>While this room-temperature approach is not truly "self-healing" because it requires an external power source and raw materials, Pikul sees it being in line with how self-healing occurs in the body.
Normal electroplating would fuse the surfaces with a layer of metal, rather than keeping the foam structure.
The problem here would be repairing big breaks though. Plus maybe working with metals that do not readily work in electroplating bath, like aluminium.
> The new nickel, however, reduces the healing efficiency when repeatedly using this technique. Because the healed areas no longer have a polymer coating, nickel would continue to amass there should another piece of the sample need to be healed.
Presumably it'd be useful in applications where the parts would normally fail regularly.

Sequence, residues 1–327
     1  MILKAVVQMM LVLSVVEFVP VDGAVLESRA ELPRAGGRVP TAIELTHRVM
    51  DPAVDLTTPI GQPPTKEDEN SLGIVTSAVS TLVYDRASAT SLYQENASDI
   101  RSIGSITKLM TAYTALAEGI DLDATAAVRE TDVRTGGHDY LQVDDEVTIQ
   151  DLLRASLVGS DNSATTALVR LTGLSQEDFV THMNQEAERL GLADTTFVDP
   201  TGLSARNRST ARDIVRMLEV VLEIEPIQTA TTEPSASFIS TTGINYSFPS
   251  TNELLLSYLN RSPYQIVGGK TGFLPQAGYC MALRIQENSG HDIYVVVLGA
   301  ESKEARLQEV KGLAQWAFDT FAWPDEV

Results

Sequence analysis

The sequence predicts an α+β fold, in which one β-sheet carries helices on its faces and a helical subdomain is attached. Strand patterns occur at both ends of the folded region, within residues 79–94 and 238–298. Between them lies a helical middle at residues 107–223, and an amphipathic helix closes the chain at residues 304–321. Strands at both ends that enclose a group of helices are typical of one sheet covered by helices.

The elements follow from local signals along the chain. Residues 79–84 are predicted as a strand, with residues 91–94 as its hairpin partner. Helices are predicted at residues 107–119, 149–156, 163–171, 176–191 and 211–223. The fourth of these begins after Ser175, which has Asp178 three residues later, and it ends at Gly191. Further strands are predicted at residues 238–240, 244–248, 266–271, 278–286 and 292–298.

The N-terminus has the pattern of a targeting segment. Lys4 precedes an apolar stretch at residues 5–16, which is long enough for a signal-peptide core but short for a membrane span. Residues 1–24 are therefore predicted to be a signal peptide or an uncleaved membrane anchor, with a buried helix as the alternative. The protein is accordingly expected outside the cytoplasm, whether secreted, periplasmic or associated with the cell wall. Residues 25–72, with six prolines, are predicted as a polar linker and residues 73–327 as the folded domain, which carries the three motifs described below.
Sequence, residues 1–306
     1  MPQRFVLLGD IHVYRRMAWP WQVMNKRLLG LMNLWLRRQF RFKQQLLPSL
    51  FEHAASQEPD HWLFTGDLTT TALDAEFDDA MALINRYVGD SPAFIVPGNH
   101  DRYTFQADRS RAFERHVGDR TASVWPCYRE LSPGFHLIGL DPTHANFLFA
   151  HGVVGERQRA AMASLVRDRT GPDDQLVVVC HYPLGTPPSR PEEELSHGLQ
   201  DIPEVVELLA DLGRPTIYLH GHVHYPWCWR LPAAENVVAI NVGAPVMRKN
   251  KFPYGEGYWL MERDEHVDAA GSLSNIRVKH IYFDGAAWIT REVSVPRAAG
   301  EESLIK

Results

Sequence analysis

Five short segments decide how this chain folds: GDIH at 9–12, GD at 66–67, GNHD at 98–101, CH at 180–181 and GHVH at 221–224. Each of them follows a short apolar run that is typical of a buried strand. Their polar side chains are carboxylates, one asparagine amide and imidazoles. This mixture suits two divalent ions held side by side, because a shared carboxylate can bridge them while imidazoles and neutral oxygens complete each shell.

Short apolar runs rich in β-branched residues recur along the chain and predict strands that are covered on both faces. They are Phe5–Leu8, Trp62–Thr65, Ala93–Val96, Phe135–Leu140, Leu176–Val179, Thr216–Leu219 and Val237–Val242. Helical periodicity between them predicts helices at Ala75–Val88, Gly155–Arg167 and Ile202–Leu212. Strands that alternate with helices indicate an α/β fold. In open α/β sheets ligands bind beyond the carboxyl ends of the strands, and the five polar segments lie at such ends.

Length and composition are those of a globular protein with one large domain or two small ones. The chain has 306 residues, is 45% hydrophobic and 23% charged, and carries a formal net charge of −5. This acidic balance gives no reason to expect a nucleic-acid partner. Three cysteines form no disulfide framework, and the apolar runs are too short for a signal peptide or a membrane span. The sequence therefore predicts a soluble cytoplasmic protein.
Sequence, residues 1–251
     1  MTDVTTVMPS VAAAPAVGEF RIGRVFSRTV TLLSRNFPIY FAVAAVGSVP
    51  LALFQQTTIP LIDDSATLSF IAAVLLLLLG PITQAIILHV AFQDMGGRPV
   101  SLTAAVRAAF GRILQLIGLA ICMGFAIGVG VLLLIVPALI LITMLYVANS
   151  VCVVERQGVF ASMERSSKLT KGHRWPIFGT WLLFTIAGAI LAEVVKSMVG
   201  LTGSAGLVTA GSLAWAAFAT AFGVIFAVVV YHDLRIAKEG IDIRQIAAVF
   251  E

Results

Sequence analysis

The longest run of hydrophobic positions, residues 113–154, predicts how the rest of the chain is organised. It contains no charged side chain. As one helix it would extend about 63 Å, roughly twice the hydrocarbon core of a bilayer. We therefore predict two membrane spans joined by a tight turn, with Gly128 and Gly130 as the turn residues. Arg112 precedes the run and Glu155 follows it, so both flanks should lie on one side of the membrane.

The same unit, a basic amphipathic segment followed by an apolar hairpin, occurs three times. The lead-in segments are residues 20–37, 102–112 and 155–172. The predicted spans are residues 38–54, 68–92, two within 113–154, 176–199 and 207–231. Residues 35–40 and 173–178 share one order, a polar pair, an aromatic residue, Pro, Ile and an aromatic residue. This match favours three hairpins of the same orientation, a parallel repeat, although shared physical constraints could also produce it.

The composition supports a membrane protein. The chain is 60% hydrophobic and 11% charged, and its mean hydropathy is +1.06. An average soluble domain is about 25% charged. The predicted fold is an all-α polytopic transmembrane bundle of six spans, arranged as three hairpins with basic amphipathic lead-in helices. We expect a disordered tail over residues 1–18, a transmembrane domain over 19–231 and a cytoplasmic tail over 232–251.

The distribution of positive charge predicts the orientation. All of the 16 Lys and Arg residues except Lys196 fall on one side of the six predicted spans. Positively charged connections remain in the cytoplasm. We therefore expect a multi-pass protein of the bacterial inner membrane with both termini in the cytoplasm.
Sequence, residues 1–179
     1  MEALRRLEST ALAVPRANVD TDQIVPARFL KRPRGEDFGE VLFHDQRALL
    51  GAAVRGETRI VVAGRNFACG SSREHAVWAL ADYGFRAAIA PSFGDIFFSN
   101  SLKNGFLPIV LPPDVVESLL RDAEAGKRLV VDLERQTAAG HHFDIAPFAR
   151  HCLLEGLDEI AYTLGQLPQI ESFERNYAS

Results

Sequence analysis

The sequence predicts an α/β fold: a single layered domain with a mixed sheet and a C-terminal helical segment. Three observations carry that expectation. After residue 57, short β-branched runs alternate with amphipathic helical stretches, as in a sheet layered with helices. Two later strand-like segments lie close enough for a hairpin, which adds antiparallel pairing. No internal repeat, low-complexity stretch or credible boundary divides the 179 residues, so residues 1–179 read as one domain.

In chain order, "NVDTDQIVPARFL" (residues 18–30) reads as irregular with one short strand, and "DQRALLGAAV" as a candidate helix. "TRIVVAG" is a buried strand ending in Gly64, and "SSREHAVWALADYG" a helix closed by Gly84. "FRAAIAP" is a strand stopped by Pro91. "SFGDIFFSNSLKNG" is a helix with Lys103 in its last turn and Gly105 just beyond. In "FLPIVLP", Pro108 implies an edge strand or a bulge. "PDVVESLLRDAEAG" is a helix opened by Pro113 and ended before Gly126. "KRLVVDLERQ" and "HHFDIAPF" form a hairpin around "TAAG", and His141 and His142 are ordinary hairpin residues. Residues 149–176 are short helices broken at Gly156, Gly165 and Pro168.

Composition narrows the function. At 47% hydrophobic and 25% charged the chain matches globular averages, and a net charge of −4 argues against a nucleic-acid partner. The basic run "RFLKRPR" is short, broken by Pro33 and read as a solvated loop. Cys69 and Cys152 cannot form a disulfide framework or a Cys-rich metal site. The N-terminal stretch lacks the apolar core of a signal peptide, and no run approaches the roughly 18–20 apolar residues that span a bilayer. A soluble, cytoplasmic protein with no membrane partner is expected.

Furthermore, vehicles basically just bounce off the structural elements of bridges and other structures like that. It's not really a problem.
If anything we'll see this kind of stuff used in expensive niche applications. Low volume bespoke electronics in high vibration environments would benefit from being able to "heal" like this. I can also see it being useful when applied as a coating that protects the material underneath, basically a self touching up paint job (like galvanizing, but possibly with a wider array of materials than just zinc). This could be very useful for items in corrosive environments.